Our results inevitably rely on the given definition of group interaction, as constructed from pairwise data, which represents a proxy for realworld group encounters that also depend on the temporal resolution of the data. Given the current lack of a longitudinal data collection effort specifically designed to track group interactions, several research directions could be explored. For example, it would be interesting to check the robustness of the empirical results with respect to other definitions of groups or hyperedges from data obtained by measuring pairwise interactions, such as the Bayesian inference approach to distinguish hyperedges from combinations of lowerorder interactions^{79}, or extraction of statistically significant hyperedges^{80}. Even the hardcore definition of group that we used could be challenged, using instead less stringent conditions^{81} together with the possibility of having nodes that display multimembership.
To conclude, our study contributes towards a better understanding of human behaviour in terms of the formation and disaggregation of groups, and of the navigation between social groups. We expect that the analysis presented can support researchers working at the intersection of social and behavioural sciences, while the proposed model can directly be used to inform more realistic simulations of social contagion, norm emergence, and spreading phenomena^{34} in interacting populations.
Methods
Data description and preprocessing
Copenhagen network study
We use data collected via the Copenhagen Network Study (CNS)^{43} that represents a temporally resolved proximity data collected through the Bluetooth signal of cellular phones carried by 706 freshmen students at the Technical University of Denmark. The publicly available data corresponds to the data recorded during four weeks of a semester, and describes proximity of students with a temporal resolution of 5 minutes. The raw data (already preprocessed in Ref. ^{43}) contains 5,474,289 records. Each entry contains a timestamp, the ID of one user (ego), the ID of another user (alter), and the associated Received Signal Strength Indication (RSSI) measured in dBm. The data is already processed to neglect the directionality of each interaction (which device is scanning). Empty scans (no other device found) are reported with a 0 RSSI, which corresponds to isolated nodes.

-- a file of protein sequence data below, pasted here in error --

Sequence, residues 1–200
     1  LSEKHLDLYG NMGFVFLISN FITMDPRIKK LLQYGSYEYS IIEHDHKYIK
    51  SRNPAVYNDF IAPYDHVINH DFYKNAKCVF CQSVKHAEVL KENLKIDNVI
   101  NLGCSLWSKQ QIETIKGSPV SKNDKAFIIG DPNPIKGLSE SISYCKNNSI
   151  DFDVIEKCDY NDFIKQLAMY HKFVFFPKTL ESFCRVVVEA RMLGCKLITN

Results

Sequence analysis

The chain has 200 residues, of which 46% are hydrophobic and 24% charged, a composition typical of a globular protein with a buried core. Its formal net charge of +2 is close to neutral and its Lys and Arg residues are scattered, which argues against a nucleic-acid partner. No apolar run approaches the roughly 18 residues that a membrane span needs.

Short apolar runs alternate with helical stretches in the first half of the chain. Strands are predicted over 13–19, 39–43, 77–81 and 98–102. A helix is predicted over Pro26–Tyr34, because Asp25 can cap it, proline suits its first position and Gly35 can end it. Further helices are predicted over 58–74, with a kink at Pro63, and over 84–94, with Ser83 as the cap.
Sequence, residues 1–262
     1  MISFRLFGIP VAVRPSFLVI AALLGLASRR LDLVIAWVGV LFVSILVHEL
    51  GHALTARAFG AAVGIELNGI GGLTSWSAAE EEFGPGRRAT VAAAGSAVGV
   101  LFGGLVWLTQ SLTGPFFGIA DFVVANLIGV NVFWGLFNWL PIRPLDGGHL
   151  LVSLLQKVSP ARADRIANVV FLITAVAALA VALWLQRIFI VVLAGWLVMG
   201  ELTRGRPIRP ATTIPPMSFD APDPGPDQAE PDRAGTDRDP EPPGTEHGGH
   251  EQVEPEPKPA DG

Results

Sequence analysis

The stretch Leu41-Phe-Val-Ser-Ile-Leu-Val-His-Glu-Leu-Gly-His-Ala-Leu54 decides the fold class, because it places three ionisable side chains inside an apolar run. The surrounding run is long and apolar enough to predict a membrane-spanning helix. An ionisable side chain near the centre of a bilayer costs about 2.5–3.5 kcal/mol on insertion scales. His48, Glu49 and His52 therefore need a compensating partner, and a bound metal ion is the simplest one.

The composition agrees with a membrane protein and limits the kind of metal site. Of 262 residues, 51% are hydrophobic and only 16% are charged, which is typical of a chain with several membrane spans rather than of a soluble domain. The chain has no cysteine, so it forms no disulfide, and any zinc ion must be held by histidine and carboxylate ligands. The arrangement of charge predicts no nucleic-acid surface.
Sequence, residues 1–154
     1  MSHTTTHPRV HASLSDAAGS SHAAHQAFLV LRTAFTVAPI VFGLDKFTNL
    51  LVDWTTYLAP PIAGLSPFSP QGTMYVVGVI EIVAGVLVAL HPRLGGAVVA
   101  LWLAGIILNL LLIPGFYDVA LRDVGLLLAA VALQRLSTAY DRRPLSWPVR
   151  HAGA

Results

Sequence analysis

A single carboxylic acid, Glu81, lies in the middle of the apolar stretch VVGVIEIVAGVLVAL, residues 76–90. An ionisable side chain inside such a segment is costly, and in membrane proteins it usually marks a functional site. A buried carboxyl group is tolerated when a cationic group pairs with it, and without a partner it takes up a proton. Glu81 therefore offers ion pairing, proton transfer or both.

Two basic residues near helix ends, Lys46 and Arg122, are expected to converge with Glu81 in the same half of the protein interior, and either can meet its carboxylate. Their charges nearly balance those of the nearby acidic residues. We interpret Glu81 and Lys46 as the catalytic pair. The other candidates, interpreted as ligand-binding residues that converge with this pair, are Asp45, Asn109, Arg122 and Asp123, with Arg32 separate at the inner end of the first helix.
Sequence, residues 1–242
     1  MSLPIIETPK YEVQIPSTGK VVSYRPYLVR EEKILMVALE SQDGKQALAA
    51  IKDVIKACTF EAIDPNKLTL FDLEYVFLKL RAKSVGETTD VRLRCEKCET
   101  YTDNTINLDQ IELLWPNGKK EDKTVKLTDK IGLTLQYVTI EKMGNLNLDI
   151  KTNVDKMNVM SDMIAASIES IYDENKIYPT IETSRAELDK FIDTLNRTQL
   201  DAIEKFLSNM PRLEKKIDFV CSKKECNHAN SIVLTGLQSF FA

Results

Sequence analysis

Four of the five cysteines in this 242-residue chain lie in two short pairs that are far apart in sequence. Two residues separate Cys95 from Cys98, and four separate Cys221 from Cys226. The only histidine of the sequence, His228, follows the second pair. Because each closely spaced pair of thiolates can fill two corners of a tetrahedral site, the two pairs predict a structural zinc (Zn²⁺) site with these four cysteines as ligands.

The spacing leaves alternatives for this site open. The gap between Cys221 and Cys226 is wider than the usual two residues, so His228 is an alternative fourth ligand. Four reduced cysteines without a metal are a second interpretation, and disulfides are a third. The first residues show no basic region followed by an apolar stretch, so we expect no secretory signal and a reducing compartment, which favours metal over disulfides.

We split the data records into three main periods according to the hour of the day and the day of the week. Even though the released data^{43} do not contain precise information on time and date, these can be easily inferred by crosschecking activity patterns in the temporal sequences with the official timetables for Bachelor studies at DTU^{82}. The resulting contexts are:

Workweek (inclass): Monday to Friday, 8 a.m. to 5 p.m.

Workweek (outofclass): Monday to Friday, 12 a.m. (midnight) to 8 a.m. and 5 p.m. to 11.59 p.m.

Weekend: Saturday and Sunday.